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Journal of Autism and Developmental Disorders

, Volume 49, Issue 12, pp 5047–5062 | Cite as

The Effects of a Technology-Based Self-monitoring Intervention on On-Task, Disruptive, and Task-Completion Behaviors for Adolescents with Autism

  • Raia Rosenbloom
  • Howard P. WillsEmail author
  • Rose Mason
  • Jonathan M. Huffman
  • Benjamin A. Mason
Original Paper
  • 192 Downloads

Abstract

Individuals with autism spectrum disorders (ASD) often present with difficulty in sustaining engagement, attention, and have disruptive behavior in classroom settings. Without appropriate intervention, these challenging behaviors often persist and negatively impact educational outcomes. Self-monitoring is a well-supported evidence-based practice for addressing challenging behaviors and improving pro-social behaviors for individuals with ASD. Self-monitoring procedures utilizing a handheld computer-based technology is an unobtrusive and innovative way of implementing the intervention. A withdrawal design was employed to assess the effectiveness of a technologically-delivered self-monitoring intervention (I-Connect) in improving on-task and task completion behaviors and decreasing disruptive behavior with four adolescents with ASD. Results demonstrated improvements in on-task and task completion behaviors across all four participants and disruptive behavior improved for two participants.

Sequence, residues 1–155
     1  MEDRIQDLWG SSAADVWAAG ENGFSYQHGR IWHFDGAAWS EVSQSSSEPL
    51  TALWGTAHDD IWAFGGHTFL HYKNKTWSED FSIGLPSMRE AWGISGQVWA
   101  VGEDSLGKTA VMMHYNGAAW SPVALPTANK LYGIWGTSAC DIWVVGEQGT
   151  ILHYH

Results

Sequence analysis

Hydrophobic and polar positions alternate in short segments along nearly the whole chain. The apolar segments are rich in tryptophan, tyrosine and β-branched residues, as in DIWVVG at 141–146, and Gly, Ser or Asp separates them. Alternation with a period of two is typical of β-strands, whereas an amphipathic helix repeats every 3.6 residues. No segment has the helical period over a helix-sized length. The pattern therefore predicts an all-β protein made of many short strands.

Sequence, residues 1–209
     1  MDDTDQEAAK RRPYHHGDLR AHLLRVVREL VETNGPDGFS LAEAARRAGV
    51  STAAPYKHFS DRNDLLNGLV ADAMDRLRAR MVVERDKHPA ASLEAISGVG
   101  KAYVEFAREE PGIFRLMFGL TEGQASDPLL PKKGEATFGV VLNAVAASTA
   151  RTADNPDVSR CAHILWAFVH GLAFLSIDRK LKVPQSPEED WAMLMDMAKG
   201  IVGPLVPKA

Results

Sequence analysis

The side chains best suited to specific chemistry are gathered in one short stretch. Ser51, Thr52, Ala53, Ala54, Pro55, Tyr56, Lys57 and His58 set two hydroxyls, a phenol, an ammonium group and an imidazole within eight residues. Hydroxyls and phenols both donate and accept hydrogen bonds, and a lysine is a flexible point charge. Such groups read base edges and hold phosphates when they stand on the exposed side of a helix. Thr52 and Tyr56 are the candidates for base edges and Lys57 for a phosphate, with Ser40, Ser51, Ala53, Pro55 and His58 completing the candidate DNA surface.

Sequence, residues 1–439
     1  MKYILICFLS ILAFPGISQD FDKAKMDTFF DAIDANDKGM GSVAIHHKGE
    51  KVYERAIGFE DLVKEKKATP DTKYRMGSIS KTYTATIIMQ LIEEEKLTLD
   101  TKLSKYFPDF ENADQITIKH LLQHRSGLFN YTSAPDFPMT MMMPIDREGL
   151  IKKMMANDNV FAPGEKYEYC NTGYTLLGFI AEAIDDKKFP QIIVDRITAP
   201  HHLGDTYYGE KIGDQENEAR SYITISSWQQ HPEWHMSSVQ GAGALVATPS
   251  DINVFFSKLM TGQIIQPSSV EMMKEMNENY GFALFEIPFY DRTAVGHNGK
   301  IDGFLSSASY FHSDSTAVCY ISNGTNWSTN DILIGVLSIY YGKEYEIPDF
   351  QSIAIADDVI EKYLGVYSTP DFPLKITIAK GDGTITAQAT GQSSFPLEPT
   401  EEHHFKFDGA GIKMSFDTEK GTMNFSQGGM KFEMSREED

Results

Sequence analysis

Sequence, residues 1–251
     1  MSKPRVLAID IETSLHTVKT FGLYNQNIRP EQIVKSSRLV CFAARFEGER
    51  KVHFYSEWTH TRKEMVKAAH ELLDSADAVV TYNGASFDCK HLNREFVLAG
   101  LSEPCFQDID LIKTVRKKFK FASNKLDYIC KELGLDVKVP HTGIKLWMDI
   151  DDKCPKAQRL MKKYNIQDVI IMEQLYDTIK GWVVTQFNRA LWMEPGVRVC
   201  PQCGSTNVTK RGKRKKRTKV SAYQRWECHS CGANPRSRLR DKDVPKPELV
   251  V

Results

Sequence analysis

Keywords

Autism Self-monitoring Technology I-Connect Behavior 

Notes

Author Contributions

RR designed the study, collected data, made condition change decisions, and drafted the manuscript. HPW assisted with the design, assisted with recruitment, conducted the IRB submission, and assisted with edits. RM was involved in the interpretation of the data and results section. JMH was a secondary data collector, assisted with preparation of data for results and helped edit the manuscript along with revisions of it. BAM helped with the design and the conception of the study along with the formation of the introduction of the manuscript.

Funding

This study was funded by the National Institute on Disability, Independent Living, and Rehabilitation Research (Grant Number H133A130032) and the U.S. Department of Education, Office of Speical Education Programs (H327S170001).

Conflict of interest

Authors declare that they have no conflict of interest.

Ethical approval

All procedures performed in studies involving human participants were in accordance with the ethical standards of the institutional and/or national research committee and with the 1964 Helsinki declaration and its later amendments or comparable ethical standards.

Informed consent

Informed consent was obtained from all individual participants included in the study.

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Copyright information

© Springer Science+Business Media, LLC, part of Springer Nature 2019

Authors and Affiliations

  • Raia Rosenbloom
    • 1
  • Howard P. Wills
    • 1
    Email author
  • Rose Mason
    • 2
  • Jonathan M. Huffman
    • 1
  • Benjamin A. Mason
    • 2
  1. 1.Juniper Gardens Children’s ProjectUniversity of KansasKansas CityUSA
  2. 2.Special Education: Educational StudiesPurdue UniversityWest LafayetteUSA

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